Tablet Computer Set-up and Hints


Not having a mouse or a keyboard presents some challenges on a tablet PC.   Here are a few suggestions to improve the usability of your tablet computer.  Some are specific to the Xplore tablet, but most will help any tablet computer.


Let’s reference a screen shot from my Xplore tablet computer:



Functionality has been improved by the “Event Scheduler” and “My-T-Touch” soft keyboard.  Additionally, cleaning up the Start menu and “pinning” the most used applications to the Start menu makes getting things started very easy.


Event Scheduler: How to Right-Click


Using the tablet stylus or the tip of your finger works well, but pretty quickly you discover many functions require a right mouse click.  At the least, in Windows many things can be done more quickly or easily with a right click.  Turning the stylus around just doesn’t do it…


In the screen shot above, you will notice and small mouse icon in the system tray (lower right) and a small window with a larger mouse icon in the upper left hand corner of the screen.  Clicking on either of these changes the highlighted mouse key (from the default left button to the right mouse button).  Once this is done, the very next mouse click (stylus tap) will be interpreted as a right mouse click. 


I find the Event Scheduler window to be more useful than the system tray icon because often clicking on the system tray icon will close the menu you are attempting to access with a right click (for example, try right clicking on a program in the All Programs folder under the Start menu.  You will immediately see the problem to which I refer).

I “pinned” Event Scheduler to my Start menu and added it to my startup folder so it runs automatically when the tablet boots.


Pinning Event Scheduler to the Start Menu: You will first have to run Event Scheduler from the Start Menu/All Programs/UPDD folder.  Next, reopen that folder.  Tap the Event Scheduler window to toggle the mouse switches, then tap the Event Scheduler name under the UPDD folder, and finally select “Pin to Start Menu”.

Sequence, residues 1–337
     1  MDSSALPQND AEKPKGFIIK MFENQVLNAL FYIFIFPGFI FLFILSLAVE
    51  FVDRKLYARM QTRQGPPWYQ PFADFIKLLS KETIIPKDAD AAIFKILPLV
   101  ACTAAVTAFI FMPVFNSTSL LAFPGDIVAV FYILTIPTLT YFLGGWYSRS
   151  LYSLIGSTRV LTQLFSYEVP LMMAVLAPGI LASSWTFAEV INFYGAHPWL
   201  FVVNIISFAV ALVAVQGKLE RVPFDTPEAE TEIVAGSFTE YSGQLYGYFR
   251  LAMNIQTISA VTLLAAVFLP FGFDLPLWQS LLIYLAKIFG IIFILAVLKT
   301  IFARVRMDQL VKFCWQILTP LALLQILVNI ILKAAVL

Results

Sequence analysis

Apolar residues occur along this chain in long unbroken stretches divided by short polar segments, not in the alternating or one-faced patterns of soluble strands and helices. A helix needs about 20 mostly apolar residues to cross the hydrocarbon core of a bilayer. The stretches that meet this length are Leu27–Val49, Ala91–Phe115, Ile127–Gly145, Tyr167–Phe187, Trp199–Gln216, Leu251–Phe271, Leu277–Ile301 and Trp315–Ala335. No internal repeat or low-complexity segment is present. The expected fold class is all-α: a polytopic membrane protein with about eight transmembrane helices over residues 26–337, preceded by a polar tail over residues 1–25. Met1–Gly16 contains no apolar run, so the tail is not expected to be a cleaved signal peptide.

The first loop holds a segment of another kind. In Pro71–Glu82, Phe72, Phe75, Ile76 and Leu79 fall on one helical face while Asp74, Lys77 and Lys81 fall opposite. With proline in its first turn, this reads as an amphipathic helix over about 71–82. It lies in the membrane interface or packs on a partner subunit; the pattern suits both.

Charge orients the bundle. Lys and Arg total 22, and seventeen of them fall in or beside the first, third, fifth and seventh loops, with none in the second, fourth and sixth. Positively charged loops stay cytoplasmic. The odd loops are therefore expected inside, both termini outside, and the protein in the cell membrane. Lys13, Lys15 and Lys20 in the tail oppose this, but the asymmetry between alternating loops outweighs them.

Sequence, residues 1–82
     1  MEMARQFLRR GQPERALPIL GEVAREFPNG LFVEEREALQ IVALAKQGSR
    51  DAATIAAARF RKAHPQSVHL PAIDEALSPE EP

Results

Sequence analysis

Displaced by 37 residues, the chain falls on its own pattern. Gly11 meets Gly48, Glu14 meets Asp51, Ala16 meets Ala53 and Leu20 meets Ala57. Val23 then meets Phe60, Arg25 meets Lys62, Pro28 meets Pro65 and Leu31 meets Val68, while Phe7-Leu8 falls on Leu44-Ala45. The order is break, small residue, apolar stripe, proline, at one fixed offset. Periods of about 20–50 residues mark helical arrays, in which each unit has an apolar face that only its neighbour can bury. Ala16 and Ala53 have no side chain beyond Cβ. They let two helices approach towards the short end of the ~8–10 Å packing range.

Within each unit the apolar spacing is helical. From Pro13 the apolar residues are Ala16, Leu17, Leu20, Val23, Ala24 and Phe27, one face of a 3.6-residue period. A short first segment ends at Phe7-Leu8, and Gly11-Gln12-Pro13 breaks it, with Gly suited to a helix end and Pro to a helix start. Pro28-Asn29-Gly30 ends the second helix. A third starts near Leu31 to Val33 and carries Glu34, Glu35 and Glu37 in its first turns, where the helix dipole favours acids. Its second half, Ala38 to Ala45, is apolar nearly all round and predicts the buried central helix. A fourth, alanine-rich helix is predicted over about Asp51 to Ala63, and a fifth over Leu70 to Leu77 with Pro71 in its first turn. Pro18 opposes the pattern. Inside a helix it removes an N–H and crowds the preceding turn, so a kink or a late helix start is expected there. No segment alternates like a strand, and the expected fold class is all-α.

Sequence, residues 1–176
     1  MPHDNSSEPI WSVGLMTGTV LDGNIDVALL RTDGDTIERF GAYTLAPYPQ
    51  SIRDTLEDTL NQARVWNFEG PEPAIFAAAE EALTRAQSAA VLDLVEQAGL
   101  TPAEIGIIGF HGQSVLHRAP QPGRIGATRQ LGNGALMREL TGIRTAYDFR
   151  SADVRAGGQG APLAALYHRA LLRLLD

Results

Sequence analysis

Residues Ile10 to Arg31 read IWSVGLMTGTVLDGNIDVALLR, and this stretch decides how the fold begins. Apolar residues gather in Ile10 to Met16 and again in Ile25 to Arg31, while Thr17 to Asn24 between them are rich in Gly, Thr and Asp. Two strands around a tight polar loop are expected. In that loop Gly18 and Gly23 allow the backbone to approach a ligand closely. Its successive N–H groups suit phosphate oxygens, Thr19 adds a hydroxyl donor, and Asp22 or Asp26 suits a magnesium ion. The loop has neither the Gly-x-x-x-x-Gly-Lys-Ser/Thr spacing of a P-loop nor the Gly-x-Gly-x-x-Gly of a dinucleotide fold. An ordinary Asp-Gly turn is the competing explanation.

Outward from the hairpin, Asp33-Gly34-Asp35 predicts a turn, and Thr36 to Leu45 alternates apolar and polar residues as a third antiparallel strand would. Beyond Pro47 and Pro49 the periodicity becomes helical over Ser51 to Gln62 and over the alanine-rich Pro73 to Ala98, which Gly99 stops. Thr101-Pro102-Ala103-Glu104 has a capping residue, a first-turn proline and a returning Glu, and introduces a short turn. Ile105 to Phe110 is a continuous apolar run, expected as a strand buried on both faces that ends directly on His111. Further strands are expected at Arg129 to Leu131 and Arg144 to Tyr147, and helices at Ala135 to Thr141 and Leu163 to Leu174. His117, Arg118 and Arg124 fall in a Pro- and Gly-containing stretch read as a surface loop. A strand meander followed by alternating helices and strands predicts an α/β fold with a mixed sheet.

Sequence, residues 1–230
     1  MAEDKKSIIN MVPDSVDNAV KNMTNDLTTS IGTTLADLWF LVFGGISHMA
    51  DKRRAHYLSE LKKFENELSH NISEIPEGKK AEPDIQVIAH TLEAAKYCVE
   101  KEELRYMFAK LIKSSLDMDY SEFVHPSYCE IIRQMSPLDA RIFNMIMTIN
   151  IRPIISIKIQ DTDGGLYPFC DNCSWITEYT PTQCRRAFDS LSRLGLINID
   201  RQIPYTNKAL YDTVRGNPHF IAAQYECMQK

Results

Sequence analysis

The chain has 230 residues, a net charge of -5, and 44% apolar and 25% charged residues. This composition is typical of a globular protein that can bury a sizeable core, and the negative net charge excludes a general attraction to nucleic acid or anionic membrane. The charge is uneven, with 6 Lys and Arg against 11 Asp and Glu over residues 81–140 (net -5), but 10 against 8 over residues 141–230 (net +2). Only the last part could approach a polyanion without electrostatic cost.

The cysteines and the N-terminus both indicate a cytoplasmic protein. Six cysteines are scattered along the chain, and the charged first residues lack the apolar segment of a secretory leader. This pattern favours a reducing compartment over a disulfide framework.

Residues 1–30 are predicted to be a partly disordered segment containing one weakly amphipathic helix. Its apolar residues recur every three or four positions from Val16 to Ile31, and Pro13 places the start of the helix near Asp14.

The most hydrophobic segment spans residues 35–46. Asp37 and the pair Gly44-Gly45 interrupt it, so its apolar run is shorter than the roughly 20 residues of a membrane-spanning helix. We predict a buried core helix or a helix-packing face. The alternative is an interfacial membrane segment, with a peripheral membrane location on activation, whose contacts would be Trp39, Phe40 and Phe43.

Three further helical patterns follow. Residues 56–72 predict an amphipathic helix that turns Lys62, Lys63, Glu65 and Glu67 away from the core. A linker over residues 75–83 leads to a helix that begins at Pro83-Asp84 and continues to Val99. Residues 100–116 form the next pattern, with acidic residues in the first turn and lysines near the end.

Adding Event Scheduler to Startup folder:  This is a little trickier…  Go to the UPDD folder once again.  Initiate a right click by tapping the Event Scheduler then tap on the name Event Scheduler under the UPDD folder.  Select “Send To”/”Desktop (create shortcut)”.  This will place a short cut on the desktop (it might be hiding under the Event Scheduler window).  Next open Windows Explorer (Start/All Programs/ Accessories/Windows Explorer).  Follow the tree down to Startup… My Computer/Local Disk (C:)/YOURUSERNAME/Start Menu/Programs/Startup   Once the Startup folder is open, simply drag the the Event Scheduler shortcut from the desktop to this folder.  The next time Windows starts, Event Sheduler will run automatically.


A Touch Keyboard


Often you need to type entries into your tablet computer.  Rather than dragging along a USB keyboard, the My-T-Touch application provides a very extensive keyboard functionality.  On the screen shot above, I show the keyboard partially expanded (it offers even more functionality than shown there).  Placing the My-T-Touch shortcut in the Startup folder (see above) will launch this tool each time Windows is started.  The “keyboard” can be quickly minimized by tapping the large key which displays the underline character.  Now here is where it gets really neat.  Every window will now display a small keyboard icon in the upper right hand corner.  Tapping on that icon will bring up the My-T-Touch keyboard.  To learn all about the My-T-Touch keyboard, run the welcome and utility software that comes with the application.


Quick Start Applications


When Windows is first installed, a lot of relatively useless applications (for our purpose anyway) are left in the Start menu.  I recommend cleaning them out by right clicking them and selecting “Remove from this list”.  Once cleaned up, you should add your key applications to the Start menu by right clicking on the application name and selecting “Pin to Start menu”.  I find this better than having a bunch of shortcuts on the desktop as you can always access the Start menu without having to move any windows out of the way.  (Not having shortcuts on the desktop also conserves system resources)  You can see my short list of applications on the Start menu in the screenshot above.


Another approach is to assign the soft keys of the tablet specific functions (such as launching VNC), but I find the Start menu to be more than adequate and much easier to set up.


OH NO!  The Stylus is Not Working!


If you ever turn on your Xplore tablet and find the stylus only moves the cursor for a few seconds, don’t waste a half an hour trying to figure out the problem as I did…  The Fn key pressed in conjunction with the P2 key will turn the touch screen back on.




Now let’s go sailing…

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